Feb 8, 2006
Until now, I have done my best to avoid entering the debate about Ang Lee's newest film Brokeback Mountain. However, the announcement of the Academy Awards nominees last Tuesday, including seven nominations for this film, has brought it to the front of my consciousness. I decided it was time to brave the controversy and see for myself what all the fuss was about.
Based on the commentary I had heard, I expected Brokeback Mountain to be a film of exceptional artistic value shadowed by seriously troubling moral content. It seemed to present the perfect opportunity to examine how aesthetics and ethics both play a part in determining the worth of any given film. Unfortunately, Brokeback Mountain did not lend itself to this discussion as I had anticipated.
To be quite honest, I am still unsure exactly what everyone sees in this film. Ang Lee is clearly a skilled director, and Rodrigo Prieto's cinematography portrays Canada's landscape brilliantly (although the story is set in Wyoming). However, I am not convinced that the artistry of this film alone is enough to draw so much attention from the secular press.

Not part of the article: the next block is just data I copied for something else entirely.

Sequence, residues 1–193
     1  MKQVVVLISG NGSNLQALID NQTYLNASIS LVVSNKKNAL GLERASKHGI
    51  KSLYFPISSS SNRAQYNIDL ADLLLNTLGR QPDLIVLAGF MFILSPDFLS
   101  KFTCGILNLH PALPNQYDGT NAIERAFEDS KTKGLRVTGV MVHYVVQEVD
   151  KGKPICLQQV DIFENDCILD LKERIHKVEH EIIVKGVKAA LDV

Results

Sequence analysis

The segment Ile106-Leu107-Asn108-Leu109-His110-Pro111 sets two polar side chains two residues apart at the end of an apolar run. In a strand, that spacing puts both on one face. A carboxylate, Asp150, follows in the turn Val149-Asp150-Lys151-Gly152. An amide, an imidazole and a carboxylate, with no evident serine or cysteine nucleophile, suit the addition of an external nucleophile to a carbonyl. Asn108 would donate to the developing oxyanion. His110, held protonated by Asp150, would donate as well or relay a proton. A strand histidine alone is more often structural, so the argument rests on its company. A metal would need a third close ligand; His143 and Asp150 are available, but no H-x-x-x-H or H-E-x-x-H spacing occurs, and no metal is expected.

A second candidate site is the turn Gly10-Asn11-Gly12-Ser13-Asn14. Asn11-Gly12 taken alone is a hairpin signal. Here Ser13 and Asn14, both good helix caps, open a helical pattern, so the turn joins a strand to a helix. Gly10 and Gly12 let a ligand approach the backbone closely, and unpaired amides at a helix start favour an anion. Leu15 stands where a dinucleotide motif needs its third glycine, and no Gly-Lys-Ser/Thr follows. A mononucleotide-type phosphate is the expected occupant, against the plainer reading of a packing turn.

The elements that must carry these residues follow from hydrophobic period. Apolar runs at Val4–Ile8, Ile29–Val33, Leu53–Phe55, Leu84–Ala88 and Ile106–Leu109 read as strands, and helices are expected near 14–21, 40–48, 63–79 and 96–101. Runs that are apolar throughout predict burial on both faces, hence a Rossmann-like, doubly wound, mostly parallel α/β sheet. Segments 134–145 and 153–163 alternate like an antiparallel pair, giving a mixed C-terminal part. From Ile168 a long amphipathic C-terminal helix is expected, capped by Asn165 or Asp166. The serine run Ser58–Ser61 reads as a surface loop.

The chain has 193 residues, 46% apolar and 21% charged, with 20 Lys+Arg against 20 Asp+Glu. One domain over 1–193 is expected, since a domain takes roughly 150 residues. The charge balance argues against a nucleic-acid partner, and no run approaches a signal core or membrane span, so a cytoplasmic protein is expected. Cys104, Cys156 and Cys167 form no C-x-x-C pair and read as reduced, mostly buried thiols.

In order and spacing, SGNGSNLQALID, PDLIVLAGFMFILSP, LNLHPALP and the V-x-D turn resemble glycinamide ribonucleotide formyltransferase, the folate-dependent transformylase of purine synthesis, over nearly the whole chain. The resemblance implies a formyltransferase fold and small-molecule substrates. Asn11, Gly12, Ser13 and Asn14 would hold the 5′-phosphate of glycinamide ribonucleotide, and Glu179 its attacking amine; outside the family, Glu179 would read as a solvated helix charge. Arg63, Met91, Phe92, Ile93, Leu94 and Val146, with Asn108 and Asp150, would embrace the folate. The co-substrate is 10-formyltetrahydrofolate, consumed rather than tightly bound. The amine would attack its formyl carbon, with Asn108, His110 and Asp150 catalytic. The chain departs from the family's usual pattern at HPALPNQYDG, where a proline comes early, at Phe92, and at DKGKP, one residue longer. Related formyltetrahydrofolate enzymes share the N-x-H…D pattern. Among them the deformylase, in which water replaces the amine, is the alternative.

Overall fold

Evidently, the film's popularity lies solely in its unashamed portrayal of a sexual relationship between two cowboys, which to so many is a victory worthy of a Best Picture nomination regardless of artistic achievement. I am hesitant to assume that critics are praising Brokeback Mountain because they welcome its moral agenda, but I see nothing in it so extraordinary as to otherwise merit the acclaim it has received.
The story opens with Ennis Del Mar (Heath Ledger) and Jack Twist (Jake Gyllenhaal) seeking employment herding sheep for a summer in Wyoming. The two share few words as they begin working together, but one cold night finds them sharing a tent on an isolated mountain. Amidst the confusion of drunkenness, lust and anger, their sexual relationship begins that night and motivates their actions throughout the remainder of the film.